To have imagined water, or other natural resources, as privately-owned now seems banal. However, at the time the ‘financialisation’ of this public good was a revolutionary act which turned Chile - then a country of ten million - into a destination for international finance. 

 

When Pinochet and his Junta rewrote the Chilean constitution, they had already spent seven years reshaping the Chilean economy along these lines, using the ideas of Austrian School thinkers such as Friedrich von Hayek, who provided advice personally to the Junta as they redrafted the legal framework of the country. The goal was to insulate Chile’s wealthy from the “levelling” policies of any future socialist government. 

 

Having bombed the palace and caused the death of President Salvador Allende, the Junta worked with its economic advisers trained a decade before at the University of Chicago, in the new economic theories which would come to define the Thatcher and Reagan revolution. The so-called “Chicago boys” occupied advisory positions in governments throughout the region, and had been waiting for a decade to test their ideas.

 

The economic experiment carried out on the Chilean economy would become known as ‘shock therapy’, and would become a familiar story in the U.S., Britain, Poland and the former Soviet Union as well as states borrowing from the International Monetary Fund. The Chilean experiment began with the privatisation of utilities; mining and energy, as well as social infrastructure; health and education. 

 

The Junta went on to sell more than 800 companies taken into national ownership under Allende government. In part, these initiatives produced growth of eight percent annually towards the end of the decade but, by the recession of 1981, this prosperity seemed to melt into the air, having been based on the sale of state assets and international borrowing. Prior to the recession, the rewards from this growth accrued to Chilean asset-holders, a shrinking middle-class and international finance.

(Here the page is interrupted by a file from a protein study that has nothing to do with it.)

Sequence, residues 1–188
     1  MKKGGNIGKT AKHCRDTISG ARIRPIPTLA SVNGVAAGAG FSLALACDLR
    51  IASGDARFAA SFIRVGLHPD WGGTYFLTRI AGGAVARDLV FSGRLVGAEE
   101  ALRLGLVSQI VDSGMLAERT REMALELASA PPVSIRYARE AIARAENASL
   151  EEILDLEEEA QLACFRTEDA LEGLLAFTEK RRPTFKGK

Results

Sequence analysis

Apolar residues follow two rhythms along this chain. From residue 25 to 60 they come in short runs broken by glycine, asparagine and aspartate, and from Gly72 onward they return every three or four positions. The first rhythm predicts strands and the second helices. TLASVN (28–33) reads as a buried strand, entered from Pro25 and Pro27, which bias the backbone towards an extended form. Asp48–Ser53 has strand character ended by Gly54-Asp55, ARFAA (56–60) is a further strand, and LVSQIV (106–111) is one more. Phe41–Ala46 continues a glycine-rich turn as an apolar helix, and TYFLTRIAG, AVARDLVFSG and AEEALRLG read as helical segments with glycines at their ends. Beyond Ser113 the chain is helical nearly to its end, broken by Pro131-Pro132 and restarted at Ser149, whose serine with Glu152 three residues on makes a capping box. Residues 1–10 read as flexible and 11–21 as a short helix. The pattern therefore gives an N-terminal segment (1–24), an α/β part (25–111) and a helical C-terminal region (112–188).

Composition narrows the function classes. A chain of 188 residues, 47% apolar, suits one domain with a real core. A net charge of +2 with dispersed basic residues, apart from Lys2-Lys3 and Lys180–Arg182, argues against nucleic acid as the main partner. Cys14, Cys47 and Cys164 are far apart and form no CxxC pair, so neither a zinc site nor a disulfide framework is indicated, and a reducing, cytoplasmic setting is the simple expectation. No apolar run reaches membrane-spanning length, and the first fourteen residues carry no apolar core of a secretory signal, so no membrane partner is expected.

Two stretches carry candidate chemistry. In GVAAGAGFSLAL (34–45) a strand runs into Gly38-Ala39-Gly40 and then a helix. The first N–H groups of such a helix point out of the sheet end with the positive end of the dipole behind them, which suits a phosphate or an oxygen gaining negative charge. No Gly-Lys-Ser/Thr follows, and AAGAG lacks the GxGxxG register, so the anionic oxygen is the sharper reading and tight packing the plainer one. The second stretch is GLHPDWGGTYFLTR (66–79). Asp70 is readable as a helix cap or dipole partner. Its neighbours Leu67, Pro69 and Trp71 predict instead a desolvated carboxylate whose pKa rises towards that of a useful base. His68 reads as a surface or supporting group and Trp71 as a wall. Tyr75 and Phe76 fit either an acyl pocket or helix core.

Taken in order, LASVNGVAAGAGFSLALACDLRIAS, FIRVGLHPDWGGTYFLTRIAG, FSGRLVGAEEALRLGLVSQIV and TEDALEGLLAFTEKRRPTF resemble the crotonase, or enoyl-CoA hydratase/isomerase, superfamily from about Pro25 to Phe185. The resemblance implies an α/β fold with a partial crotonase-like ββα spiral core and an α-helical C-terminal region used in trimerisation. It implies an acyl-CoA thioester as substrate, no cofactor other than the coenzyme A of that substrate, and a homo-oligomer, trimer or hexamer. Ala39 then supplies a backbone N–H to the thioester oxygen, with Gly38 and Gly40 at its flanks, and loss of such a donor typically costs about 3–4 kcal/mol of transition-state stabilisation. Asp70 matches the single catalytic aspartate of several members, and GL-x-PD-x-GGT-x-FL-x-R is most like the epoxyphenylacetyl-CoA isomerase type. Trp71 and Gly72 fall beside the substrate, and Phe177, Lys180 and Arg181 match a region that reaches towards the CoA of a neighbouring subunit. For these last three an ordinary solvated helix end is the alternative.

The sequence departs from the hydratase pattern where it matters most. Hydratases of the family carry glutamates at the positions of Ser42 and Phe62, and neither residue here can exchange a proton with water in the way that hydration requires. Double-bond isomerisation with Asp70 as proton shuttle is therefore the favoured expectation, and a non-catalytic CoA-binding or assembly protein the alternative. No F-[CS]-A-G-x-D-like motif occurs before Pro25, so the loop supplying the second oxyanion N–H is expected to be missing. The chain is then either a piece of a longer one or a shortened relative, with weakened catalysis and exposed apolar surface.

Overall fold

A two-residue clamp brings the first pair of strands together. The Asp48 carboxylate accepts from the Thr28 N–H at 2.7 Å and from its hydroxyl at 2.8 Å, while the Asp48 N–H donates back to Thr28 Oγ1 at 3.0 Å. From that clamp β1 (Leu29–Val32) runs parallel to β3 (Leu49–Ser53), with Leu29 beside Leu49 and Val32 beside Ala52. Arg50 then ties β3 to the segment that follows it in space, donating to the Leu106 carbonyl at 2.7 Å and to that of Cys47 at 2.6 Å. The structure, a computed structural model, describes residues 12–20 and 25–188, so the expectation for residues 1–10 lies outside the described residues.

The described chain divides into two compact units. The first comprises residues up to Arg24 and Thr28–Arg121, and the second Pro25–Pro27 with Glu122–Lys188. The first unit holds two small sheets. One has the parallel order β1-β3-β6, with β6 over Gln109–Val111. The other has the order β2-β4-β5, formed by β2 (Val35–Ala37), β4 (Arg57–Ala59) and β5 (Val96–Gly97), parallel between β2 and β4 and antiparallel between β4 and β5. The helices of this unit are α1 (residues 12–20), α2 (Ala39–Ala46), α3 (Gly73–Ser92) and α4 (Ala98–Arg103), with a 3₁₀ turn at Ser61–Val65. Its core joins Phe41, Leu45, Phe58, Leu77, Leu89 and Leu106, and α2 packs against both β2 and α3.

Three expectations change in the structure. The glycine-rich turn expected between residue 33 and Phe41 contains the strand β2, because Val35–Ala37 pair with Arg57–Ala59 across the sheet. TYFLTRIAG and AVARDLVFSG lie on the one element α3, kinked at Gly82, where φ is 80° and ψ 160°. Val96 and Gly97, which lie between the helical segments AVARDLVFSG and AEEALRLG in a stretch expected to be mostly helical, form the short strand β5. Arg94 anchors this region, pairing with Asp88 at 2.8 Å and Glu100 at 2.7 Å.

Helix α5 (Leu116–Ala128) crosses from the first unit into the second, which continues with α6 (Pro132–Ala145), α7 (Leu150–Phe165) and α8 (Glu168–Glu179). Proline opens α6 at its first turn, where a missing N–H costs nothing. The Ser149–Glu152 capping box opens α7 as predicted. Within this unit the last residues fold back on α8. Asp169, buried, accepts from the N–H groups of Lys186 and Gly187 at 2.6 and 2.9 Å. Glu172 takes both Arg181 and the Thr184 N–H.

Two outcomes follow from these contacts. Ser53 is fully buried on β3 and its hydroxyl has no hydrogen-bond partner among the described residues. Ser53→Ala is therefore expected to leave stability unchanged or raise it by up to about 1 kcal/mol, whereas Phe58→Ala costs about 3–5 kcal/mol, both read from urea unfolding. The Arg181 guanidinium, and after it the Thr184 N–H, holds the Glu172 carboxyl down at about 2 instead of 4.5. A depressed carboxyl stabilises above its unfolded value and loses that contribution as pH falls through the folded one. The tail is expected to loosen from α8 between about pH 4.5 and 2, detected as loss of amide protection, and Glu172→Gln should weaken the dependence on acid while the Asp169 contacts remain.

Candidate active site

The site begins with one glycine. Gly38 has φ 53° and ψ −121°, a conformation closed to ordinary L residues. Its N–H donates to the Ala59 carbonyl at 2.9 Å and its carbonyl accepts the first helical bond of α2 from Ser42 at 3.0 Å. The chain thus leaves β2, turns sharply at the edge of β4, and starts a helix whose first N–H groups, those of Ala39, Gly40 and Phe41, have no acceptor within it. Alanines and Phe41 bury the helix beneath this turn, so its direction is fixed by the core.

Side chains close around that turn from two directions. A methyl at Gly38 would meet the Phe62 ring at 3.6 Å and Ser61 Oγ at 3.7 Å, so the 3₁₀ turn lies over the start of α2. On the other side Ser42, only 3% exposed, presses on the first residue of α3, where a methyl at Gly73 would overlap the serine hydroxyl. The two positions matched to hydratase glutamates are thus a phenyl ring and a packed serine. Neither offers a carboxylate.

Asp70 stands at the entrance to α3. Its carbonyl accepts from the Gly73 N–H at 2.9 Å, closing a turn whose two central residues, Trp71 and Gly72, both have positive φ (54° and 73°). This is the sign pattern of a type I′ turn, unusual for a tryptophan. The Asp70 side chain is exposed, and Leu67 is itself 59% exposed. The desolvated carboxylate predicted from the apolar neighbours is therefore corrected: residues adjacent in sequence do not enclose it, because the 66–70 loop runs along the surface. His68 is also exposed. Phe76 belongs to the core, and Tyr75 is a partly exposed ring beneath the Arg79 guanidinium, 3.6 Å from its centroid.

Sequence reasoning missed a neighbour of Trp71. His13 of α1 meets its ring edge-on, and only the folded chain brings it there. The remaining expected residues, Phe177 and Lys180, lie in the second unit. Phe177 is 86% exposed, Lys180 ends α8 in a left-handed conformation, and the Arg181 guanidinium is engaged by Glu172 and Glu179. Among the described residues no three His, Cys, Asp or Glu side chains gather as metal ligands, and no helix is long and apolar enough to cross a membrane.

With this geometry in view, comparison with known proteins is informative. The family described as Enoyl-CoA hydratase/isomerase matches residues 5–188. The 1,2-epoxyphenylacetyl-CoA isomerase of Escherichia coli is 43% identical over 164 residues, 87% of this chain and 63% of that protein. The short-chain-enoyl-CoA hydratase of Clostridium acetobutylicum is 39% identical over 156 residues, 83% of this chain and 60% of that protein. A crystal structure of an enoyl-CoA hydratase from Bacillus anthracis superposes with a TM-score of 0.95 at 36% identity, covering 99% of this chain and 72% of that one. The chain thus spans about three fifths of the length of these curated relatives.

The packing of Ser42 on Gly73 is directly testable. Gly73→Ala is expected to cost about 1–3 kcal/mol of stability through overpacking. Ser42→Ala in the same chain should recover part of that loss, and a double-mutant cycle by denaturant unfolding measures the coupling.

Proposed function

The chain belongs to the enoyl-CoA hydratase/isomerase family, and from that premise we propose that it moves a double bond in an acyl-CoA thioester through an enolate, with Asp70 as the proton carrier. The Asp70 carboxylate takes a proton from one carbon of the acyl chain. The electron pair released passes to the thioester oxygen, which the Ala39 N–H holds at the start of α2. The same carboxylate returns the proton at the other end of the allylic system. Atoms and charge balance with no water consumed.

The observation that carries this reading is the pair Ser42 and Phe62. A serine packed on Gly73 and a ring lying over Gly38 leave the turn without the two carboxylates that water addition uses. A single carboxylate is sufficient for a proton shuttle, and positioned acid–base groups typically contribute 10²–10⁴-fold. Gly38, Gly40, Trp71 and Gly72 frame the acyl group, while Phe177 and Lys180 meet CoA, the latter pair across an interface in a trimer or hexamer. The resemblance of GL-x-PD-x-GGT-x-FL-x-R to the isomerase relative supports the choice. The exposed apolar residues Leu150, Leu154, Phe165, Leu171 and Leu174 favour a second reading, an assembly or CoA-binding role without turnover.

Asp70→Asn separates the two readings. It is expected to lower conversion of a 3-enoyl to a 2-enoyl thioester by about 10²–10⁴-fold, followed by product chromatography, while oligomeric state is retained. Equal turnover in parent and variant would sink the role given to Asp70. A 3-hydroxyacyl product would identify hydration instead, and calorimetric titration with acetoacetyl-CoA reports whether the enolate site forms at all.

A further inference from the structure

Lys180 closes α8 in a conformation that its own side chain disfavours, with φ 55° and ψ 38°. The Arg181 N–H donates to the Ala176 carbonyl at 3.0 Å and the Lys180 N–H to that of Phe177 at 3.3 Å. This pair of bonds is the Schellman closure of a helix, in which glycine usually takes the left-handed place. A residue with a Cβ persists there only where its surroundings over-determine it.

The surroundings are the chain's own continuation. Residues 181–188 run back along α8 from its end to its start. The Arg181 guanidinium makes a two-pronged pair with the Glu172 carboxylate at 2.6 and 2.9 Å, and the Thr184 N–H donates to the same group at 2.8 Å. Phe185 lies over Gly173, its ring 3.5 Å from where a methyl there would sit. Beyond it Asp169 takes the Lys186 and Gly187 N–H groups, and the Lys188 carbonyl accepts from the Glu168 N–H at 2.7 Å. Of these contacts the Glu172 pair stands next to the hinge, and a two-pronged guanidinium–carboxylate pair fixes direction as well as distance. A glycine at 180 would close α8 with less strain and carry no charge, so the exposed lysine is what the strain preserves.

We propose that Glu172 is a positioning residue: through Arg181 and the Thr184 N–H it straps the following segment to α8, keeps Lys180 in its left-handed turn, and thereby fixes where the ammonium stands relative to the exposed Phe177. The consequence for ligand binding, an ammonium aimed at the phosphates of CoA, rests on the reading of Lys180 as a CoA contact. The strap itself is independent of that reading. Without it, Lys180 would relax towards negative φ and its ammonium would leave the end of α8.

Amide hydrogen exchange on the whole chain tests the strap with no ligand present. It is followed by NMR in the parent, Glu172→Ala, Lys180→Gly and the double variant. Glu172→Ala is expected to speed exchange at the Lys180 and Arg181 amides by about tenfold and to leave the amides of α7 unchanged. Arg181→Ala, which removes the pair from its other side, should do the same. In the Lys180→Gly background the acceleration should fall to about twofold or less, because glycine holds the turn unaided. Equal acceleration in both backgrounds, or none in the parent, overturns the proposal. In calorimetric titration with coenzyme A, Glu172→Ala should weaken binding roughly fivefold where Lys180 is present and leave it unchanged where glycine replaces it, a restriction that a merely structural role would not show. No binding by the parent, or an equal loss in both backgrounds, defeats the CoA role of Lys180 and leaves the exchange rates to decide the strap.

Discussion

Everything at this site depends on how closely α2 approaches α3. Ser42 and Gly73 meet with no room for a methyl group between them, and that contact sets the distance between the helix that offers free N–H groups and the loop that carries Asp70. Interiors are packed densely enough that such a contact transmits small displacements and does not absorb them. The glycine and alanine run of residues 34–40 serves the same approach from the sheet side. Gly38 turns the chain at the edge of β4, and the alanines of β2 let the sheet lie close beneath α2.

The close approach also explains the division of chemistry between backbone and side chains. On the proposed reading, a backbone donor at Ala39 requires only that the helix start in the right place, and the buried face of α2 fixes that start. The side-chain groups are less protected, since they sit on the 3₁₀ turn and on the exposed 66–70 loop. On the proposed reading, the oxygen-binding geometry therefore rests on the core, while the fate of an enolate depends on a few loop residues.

Though it went on to perform well during the 1980s, the damage to the Chilean economy had already been done. The shock therapy of the 1970s and the recession which followed led to severe socio-economic damage, in the form of extreme inequality, that reached deep into the lives of children born into poverty for whom access to good quality health and education, and opportunities for housing and employment, were circumscribed by their parents’ wealth. 

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In an echo of history, Western commentators bemoaned the rise of tyranny in the person of Boric, and resurgent left-wing movements across Latin America. The Wall Street Journal offers the view that “Latin America suffers from too much government” and counts amongst its problems, “weak private property rights.”

 

Fearing communism, Kast's defenders  in Chile’s wealthier suburbs were vehement in their opposition to Boric and his coalition. In Lo Barnechea, 12 kilometres northwest of the capital Santiago, residents also rejected the opportunity to redraft Chile’s dictatorship-era constitution. Chile’s wealthy point to the country’s stability, relative to other states in the region.  

 

“I think that it’s a fact that we live better than we did fifty years ago,” said Boric in 2014. “I don’t know if that means Chile is a better country to live in, because the official voices tend to say that we are better because we have more money, but I think that the social fracture here in our country is bigger than it was before.”

 

“The economic revolution that the dictator Pinochet made, in the 1980s, is one of the main reasons for the inequality we have now,” said Boric in 2014. 

 

“So, I think that we have to change from the root," he continued. 

 

Polls close at 6pm, Santiago time, with Chile's election agency expecting to have a conclusive result within hours.